Climate change affects everything from the food you eat and the economy to increased flooding and hurricanes. With so many consequences for how we live our lives, our planet’s crisis has captured the attention of many documentary filmmakers. Hollywood also touched on the subject of environmental issues, with Mark Ruffalo starring in a film that tells the true story of a lawsuit against the chemical company DuPont.

You can still read the United Nations IPCC reports on climate change, but here are the top 10 movies that explore the topic, released (or to be released) in 2019.

Plain and simple: Climate Change: The Facts

The aptly titled documentary, Climate Change: The Facts, takes you through what scientists already know about climate change in today’s world. Featuring interviews with several leading climate scientists around the globe and the young climate activist Greta Thunberg, the film looks at the research and solutions to the crisis. “We still have time to turn everything around, to pull the emergency brake and to take action,” Thunberg says in the trailer. “But that short period of time isn’t going to last for long.”

Solutions exist: Ice on Fire

The documentary Ice on Fire explores a two-pronged approach to addressing climate change: reducing carbon emissions and implementing “drawdown” measures, such as direct air capture, sea farms and urban farms. As the film introduces various solutions to save Earth, the cinematography also captures the “world worth saving” in places like Norway, Iceland, Switzerland and Costa Rica, including spots in the U.S. like Alaska, Colorado and Connecticut.

A portrait of one city: The Hottest August

The documentary The Hottest August is a window into New York City over the course of one very hot month: August 2017. Less than a year after Donald Trump became the U.S. president, the filmmakers document New York City residents’ “growing anxiety over everything from rising rents to marching white nationalists, and unrelenting news of either wildfires or hurricanes on every coast.”

Showing the power of water: Aquarela

Aquarela captures the beauty and force of water, from Venezuela’s Angel Falls to Miami facing the strength of Hurricane Irma. The documentary manages to tackle the issue of climate change with hardly any conversation. In other words, instead of centering the film on humans, the main character is water.

Lots of powers: Avengers: Endgame

Thanos changed the planet and the universe and it’s up to the many superheroes in this movie to turn things around. Although this fantasy film might not be directly about climate change, it tackles the issue of loss amid major shifts to the planet, similar to how the effects of climate change disrupt our lives.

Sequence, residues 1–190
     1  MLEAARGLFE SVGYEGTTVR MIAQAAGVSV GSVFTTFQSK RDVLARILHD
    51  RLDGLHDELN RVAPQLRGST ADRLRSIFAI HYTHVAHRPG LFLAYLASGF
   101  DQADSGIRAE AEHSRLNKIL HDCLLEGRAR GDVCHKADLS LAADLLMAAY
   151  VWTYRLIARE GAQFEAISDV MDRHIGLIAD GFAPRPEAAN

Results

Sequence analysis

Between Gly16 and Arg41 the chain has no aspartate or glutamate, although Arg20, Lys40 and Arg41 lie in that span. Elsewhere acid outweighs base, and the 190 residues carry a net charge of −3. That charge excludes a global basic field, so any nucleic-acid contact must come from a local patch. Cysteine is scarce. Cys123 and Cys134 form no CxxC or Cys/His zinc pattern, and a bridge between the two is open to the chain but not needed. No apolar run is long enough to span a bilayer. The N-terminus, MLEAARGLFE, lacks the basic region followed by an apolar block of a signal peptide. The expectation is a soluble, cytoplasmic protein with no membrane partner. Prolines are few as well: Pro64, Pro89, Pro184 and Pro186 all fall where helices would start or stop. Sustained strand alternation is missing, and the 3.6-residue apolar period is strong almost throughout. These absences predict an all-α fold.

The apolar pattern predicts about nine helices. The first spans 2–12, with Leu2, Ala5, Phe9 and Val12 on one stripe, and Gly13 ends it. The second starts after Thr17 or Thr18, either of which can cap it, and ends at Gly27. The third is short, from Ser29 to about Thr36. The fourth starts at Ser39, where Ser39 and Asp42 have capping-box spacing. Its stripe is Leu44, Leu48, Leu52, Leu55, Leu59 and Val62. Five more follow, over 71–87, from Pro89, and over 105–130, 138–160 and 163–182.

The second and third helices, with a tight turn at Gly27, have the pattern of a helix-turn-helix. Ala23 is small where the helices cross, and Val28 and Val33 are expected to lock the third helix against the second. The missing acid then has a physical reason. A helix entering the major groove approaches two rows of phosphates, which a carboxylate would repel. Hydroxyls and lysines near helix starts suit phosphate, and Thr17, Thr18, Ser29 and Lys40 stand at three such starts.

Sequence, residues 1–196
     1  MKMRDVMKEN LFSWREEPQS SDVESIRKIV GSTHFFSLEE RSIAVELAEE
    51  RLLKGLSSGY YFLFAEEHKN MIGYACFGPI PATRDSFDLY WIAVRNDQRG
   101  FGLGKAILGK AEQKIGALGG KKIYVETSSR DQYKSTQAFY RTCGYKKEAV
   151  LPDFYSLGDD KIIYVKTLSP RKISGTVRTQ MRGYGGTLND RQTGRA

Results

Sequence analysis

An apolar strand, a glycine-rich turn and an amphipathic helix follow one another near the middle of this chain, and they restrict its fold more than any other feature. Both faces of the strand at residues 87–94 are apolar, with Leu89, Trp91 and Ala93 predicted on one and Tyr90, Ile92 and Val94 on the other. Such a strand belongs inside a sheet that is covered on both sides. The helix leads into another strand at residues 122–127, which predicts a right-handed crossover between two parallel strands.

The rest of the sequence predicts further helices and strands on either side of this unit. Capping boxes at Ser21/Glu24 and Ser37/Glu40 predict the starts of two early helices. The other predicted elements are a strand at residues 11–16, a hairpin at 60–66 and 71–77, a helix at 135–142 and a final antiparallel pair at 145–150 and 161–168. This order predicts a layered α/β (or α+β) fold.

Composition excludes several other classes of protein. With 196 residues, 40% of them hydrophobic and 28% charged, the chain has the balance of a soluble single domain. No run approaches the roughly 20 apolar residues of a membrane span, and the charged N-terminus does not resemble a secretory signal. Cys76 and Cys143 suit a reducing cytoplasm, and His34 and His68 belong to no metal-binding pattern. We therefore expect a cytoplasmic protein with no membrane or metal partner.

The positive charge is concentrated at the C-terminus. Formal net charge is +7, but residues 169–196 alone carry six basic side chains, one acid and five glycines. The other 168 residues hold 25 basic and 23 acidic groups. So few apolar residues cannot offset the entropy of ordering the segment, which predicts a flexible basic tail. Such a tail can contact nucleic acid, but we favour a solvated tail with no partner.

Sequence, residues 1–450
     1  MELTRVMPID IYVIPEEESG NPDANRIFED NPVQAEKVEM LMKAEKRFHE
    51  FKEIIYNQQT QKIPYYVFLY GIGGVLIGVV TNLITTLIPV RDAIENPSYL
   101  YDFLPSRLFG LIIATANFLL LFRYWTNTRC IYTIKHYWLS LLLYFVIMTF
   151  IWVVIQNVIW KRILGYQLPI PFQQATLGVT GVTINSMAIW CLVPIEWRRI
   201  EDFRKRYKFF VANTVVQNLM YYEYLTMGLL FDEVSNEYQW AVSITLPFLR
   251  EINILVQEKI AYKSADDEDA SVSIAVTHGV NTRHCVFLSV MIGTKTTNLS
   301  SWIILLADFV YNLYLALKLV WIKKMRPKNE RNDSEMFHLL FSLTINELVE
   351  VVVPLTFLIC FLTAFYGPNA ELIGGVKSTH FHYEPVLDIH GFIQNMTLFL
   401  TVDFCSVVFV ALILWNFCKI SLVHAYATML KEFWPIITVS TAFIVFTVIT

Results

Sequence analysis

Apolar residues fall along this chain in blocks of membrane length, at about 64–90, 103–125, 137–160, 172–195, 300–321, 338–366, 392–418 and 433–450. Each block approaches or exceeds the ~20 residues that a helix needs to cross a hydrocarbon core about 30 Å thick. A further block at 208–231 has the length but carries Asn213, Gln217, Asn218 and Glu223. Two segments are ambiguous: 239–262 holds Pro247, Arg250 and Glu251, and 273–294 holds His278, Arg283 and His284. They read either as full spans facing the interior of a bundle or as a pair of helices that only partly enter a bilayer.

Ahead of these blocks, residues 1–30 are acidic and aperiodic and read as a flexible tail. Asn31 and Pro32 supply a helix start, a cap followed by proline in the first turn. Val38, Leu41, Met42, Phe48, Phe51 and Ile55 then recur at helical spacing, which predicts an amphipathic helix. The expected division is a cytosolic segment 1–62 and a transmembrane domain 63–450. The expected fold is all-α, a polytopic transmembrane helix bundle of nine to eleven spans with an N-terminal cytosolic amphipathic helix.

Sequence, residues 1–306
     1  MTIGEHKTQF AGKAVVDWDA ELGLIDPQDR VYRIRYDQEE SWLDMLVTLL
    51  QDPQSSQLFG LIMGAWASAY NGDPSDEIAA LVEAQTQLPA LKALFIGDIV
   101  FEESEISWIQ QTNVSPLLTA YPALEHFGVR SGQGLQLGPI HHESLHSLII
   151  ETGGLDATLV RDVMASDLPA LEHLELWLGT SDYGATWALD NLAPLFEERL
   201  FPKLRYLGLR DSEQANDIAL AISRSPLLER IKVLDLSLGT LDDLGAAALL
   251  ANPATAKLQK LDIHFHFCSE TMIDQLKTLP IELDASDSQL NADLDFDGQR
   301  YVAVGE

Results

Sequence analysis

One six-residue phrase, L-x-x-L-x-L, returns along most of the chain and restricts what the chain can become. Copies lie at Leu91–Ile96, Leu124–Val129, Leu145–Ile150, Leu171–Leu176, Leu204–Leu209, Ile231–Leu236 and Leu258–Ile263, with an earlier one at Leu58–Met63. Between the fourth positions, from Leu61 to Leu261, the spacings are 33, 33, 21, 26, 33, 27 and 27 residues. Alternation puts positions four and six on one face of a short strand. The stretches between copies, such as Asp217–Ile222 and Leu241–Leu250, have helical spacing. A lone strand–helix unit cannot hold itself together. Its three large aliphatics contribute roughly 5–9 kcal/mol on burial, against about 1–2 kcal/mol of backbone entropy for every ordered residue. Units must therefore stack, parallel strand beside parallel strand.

Climate change as the villain: Crawl

In the thriller Crawl, a Category 5 hurricane hits a Florida town. The movie focuses on a young woman who tries to save her father while fighting off alligators. If you’re looking for a thriller about climate change that involves the main character dueling it out with Florida’s finest gators, this one’s for you.

This documentary is pretty sweet: Honeyland

Honeyland shows a Macedonian beekeeper’s conflict with her neighbors, revealing insights about humans’ delicate balance with nature along the way. A critic at the New York Times hailed the opening of the film, writing that those minutes were “as astonishing — as sublime and strange and full of human and natural beauty — as anything I’ve ever seen in a movie.”

Looking extinction right in the eyes: KIFARU

KIFARU, a documentary, follows two young, Kenyan recruits who join Ol Pejeta Conservancy's rhino caretaker unit. That’s a small group of rangers taking care of Sudan — the last male northern white rhino in the world. If you’re interested in wildlife conservation, don’t miss this film, in which you can see its ups and downs through the vantage point of Sudan’s caretakers who are witnessing extinction firsthand.

Documenting vanishing wetlands: On a Wing and a Prayer

On a Wing and a Prayer captures how Louisiana’s wetlands are disappearing. The short documentary film follows photographer Ben Dapp, who has done hundreds of aerial fights over the coast, documenting the loss of this ecosystem.

Coming out soon: Dark Waters

Directed by Todd Haynes, the drama Dark Waters comes to theaters on November 22 and portrays a corporate defense attorney (played by Mark Ruffalo) who connects unexplained deaths to a large chemical company, the kind of corporation he would typically represent in court. However, he decides to take on a lawsuit against the chemical company when he discovers its record of pollution and harm. The film is based on the New York Times Magazine article from 2016 titled, “The Lawyer Who Became DuPont’s Worst Nightmare.”

Dark Waters is not centered on climate change per se. But, the tactics DuPont used to obscure research about the harm they caused for people and the environment is part of a similar playbook that corporations have used to question climate change and prevent government action that would hurt Big Oil’s bottom line.

Published on Nov 05, 2019